Thursday, December 22, 2011

Defense versus foreign aid: Which one to cut during trying times?

Here is an interesting article in The Economist that looks at why the public support slashing foreign aid but not defense spending during austerity era. The stimulating debate is over the spending on fighter jets to bomb dictators and free the repressed people and slashing spending on providing anti-Malaria bed nets to the same repressed people.

The author argues that with the drumbeating of ineffectiveness of aid in reducing poverty and spurring growth, the public is more willing agree to slash foreign aid that is supposedly not working than defense spending. And, the debate usually drags like the never-ending battle between Sachs and Easterly over aid’s effectiveness. It is ideological belief most the time. A belief that the government should concentrate more on defense and law enforcement (i.e. smaller government, not smarter!), and let the markets determine the rest. Read the full article.

Congress is slashing foreign aid to fight malaria in large part because the one category of government spending that the American public actually wants to slash, by a wide margin, is foreign aid. Meanwhile, the public opposes cuts to the defence budget (though they oppose cuts to education, Medicare and domestic anti-poverty programmes even more). So the fact that the political sphere is debating whether or not to bomb Muammar Qaddafi's tanks, rather than whether or not to raise spending on anti-malarial bed nets in Malawi, isn't really that surprising. But why does the public want to cut foreign aid, rather than defence? One reason is that for the past decade and more, both serious development experts like William Easterly and unserious politicians, mainly on the right, have been strenuously arguing that most foreign aid doesn't work. In fact, in Mr Easterly's case, one of the things he argued didn't work (in his excellent book "The White Man's Burden") was centrally planned efforts to distribute anti-malarial bed nets. He thought this was one of those things that would work better with a market solution: we should subsidise at most $8 of the cost of each $10 bed net, but let the rest of the distribution work itself out via market mechanisms.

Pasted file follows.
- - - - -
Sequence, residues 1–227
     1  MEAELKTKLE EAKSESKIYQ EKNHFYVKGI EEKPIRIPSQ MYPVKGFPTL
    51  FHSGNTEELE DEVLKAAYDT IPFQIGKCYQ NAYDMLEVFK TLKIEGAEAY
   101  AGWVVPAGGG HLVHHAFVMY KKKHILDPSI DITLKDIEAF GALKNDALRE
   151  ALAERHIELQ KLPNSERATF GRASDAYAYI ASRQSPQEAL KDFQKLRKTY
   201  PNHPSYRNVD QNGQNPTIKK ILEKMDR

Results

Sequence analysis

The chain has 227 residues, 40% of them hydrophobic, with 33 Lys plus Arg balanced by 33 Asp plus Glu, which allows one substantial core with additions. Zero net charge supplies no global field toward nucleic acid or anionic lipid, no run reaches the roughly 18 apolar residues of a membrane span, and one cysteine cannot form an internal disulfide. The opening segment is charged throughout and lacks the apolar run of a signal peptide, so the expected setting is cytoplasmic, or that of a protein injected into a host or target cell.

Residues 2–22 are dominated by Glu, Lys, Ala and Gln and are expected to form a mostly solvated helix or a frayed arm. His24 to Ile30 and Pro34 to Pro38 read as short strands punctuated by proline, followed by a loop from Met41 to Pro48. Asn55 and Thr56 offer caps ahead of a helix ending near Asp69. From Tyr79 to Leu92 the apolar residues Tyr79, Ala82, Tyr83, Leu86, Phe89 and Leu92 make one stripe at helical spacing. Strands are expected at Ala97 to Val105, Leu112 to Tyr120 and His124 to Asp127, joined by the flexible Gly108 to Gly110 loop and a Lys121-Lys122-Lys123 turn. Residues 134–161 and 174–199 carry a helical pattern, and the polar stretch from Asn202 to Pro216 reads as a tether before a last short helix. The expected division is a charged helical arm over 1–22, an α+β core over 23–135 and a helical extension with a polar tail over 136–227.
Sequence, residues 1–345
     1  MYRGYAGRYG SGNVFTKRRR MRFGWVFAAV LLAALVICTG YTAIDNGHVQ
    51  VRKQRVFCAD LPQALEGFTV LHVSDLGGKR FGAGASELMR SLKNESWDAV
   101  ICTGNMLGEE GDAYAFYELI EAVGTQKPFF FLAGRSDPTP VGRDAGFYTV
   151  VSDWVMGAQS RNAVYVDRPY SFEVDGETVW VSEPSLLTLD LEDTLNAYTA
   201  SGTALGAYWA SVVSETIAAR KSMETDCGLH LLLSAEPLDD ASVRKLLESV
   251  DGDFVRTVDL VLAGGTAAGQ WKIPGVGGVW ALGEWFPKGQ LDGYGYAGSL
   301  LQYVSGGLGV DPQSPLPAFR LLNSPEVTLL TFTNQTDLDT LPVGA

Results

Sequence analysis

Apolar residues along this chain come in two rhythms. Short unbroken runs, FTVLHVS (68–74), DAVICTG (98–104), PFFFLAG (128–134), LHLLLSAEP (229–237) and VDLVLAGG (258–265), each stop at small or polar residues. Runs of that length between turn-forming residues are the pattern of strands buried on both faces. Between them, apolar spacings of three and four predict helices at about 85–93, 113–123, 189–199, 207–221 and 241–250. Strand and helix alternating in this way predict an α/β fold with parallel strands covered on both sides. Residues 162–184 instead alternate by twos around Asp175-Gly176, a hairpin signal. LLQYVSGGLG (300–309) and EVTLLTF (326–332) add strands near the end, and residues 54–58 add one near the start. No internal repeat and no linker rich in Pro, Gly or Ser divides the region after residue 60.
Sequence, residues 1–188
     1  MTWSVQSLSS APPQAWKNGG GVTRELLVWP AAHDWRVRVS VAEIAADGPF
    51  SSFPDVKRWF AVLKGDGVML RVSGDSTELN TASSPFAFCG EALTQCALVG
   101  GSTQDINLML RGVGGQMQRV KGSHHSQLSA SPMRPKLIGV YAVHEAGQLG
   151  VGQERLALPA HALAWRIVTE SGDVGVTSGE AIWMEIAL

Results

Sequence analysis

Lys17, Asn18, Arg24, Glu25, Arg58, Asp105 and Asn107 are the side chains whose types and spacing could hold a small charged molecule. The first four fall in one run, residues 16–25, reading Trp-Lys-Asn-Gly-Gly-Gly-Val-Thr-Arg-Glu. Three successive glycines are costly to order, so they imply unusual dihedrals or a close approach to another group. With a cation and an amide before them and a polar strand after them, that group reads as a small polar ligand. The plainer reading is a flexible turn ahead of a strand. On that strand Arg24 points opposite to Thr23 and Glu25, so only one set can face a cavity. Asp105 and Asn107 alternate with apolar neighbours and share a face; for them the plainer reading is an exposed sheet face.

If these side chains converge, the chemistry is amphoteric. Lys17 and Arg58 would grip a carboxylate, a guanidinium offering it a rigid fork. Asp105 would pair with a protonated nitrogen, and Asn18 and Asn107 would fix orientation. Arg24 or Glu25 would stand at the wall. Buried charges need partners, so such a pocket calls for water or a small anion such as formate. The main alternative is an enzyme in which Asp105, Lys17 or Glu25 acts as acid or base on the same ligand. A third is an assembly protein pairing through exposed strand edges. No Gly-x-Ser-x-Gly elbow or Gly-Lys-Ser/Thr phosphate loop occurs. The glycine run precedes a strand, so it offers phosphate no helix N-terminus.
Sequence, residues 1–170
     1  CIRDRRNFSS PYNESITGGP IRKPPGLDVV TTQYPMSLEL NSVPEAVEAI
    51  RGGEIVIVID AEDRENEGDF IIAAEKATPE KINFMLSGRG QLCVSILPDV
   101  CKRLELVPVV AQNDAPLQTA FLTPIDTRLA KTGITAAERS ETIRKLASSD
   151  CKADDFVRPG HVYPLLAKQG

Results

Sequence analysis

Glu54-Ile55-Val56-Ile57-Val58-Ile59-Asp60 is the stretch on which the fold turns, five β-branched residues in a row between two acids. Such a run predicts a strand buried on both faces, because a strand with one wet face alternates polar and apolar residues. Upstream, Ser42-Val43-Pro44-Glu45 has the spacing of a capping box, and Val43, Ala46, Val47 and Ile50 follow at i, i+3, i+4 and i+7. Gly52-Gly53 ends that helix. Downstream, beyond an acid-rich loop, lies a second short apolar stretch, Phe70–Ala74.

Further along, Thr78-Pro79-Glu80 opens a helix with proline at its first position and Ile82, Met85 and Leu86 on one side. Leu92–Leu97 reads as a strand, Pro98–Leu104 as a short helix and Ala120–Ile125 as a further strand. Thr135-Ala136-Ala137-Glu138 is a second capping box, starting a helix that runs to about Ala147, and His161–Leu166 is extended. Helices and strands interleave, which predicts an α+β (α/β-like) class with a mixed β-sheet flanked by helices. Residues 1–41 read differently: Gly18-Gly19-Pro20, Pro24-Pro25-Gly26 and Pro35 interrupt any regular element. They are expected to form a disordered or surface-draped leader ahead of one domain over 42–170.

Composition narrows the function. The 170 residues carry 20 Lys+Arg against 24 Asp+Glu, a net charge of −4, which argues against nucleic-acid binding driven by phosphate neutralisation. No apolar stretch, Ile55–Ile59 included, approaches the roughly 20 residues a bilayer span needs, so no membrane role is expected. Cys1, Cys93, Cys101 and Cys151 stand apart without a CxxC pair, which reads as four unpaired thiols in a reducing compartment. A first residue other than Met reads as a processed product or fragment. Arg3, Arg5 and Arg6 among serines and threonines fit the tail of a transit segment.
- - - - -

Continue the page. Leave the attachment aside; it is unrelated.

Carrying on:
Again, it's not surprising that the public doesn't want to spend more on foreign aid for anti-malarial bed nets, when people keep telling them such aid doesn't work. What makes the situation more piquante is that, as Jeffrey Sachs argued in a 2009 article in Scientific American, in the specific case of bed nets, the claim appears to be completely wrong. The reason anti-malarial bed nets hadn't been much of a success in Africa before 2005 or so was that donors and executing agencies hadn't spent enough money buying them, and hadn't yet figured out how to distribute them.

[…]Mr Easterly and Mr Sachs have a long-running and intense debate on this and other development issues. I usually agree with Mr Easterly more than Mr Sachs, but in the specific case of bed nets he's had to retreat; more recently he's been sensibly pointing out that even if free distribution works better, you have to figure out a reliable way of identifying organisations that will actually do the distribution for free (rather than selling them illicitly, failing to distribute, etc), and there's no obvious scalable way to do that. But this only raises a further problem for the "bomb Libya or fight malaria" paradigm: how can you even ask the question if spending more on anti-malaria campaigns may not have any effect, since it's about the quality of the agencies, not the amount of funding? If there's no fungible way to shift effort from bombing Libya to fighting malaria, how can there even be a trade-off here?